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The Association's History

Back in the mid-1850s, 14 farmers got together in one place and signed a note promising to reimburse one another in case of a barn fire.  No one else would offer insurance to these pioneers so they did it themselves. Those are the humble beginnings of one of the world’s strongest financial networks, Ontario Mutuals.

The history of mutual insurance goes much further back.

Mutual insurance got its start following the great fire of London in 1666 and became established in North America in 1752. The British American Assurance Company, a stock company, was established as the first domestic insurer in 1833.

Meanwhile, Benjamin Franklin helped establish the first successful mutual insurance company in America in 1752.

To encourage the formation of domestic insurers, the Governor of Upper Canada, Sir Francis Bond Head, introduced legislation in 1836 permitting the establishment of mutual companies. In the 1850s, the act was amended to permit additional mutual companies. As a result, many companies were organized during the 1850s and 1860s.

When first organized, the farm mutuals had to gain their knowledge of insurance by experience. As the number of companies grew, it became apparent that they should get together to share experiences and discuss common problems and possible solutions.
 


A meeting of the mutual companies was called in 1882 which was the initial meeting of the "Purely Mutual Underwriters Association of Ontario," now known as the Ontario Mutual Insurance Association (OMIA).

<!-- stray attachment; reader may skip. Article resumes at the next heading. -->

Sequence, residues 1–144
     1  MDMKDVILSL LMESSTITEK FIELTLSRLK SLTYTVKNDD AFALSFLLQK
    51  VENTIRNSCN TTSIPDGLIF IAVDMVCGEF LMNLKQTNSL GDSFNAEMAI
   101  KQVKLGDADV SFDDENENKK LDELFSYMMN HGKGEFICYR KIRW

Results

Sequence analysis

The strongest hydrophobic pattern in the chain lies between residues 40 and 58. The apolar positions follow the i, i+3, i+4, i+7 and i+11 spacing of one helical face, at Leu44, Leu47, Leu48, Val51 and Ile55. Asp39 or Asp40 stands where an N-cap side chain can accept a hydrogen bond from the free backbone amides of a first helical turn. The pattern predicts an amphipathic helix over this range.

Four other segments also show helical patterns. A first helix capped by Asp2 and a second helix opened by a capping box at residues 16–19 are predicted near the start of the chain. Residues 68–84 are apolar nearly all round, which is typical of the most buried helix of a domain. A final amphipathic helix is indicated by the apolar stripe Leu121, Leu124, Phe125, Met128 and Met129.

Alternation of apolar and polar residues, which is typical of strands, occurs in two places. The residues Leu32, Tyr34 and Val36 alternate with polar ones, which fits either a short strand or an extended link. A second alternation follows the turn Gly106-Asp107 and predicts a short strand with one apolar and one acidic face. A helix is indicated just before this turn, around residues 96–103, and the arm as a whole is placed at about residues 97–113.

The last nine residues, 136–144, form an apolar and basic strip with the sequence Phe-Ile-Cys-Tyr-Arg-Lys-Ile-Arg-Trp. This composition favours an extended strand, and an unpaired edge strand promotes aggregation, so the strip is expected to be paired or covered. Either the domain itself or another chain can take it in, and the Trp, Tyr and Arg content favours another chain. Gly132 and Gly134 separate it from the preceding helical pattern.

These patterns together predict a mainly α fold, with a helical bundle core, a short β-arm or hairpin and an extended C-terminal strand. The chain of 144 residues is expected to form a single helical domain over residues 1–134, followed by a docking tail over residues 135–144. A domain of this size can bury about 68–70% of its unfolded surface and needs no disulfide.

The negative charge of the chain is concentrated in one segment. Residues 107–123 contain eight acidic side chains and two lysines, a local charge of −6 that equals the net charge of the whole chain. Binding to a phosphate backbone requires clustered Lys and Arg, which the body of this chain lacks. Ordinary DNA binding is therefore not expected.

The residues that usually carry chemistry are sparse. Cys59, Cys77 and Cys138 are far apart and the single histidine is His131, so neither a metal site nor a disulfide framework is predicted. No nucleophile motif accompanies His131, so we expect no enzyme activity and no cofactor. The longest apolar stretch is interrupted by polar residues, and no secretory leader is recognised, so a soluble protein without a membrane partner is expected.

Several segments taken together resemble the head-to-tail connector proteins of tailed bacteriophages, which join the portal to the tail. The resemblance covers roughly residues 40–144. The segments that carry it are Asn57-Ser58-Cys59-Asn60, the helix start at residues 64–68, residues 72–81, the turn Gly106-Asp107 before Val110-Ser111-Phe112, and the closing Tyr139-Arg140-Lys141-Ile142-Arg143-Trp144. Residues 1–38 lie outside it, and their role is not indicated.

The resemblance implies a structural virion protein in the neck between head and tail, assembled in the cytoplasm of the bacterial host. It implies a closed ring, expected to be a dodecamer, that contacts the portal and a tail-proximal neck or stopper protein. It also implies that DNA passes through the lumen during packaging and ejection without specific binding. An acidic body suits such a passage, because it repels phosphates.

The association provided the leadership needed to keep the farm mutuals abreast of developments in insurance policy coverages to meet the changing times. Company directors and staff had the opportunity to meet and exchange ideas with their counterparts from other companies.

OMIA was instrumental in the formation of the Fire Mutuals Guarantee Fund (FMGF) and enabled these small companies to speak with a united voice in dealings with governments.

In 1955, discussions began on a number of alternative plans for reinsurance that led to the formation of the Farm Mutual Reinsurance Plan (Now, Farm Mutual Re) in 1959. In 1969, the reinsurance operation was incorporated as a mutual insurance company.

Today there are 40 independent, 100% Canadian mutual insurance companies across the province that are part of the Ontario Mutuals family. We cover a lot more than farms today, but the spirit’s the same as it was over 160 years ago – we're in this together.


How Cashflow works for insurance companies

Purely mutual companies operate on a non-profit philosophy. There are no payments of dividends to stockholders. Expenses consist of claims payments plus administration expenses to operate the company. There are only two sources of income for a purely mutual insurance company - policyholder premiums and investment income from the investment of surplus funds. The simple goal is to provide for the needs of the policyholders while ensuring the mutual remains financially stable.

 

The Guarantee Fund

The underlying principles of mutuals have not been of profit, but of cooperation and self help. This theme has endured for well over 100 years and continues to this day. In the beginning, the mutual policyholder was required to sign a premium note agreeing to assume certain liabilities of the company directly proportionate to the policyholder's limit of protection.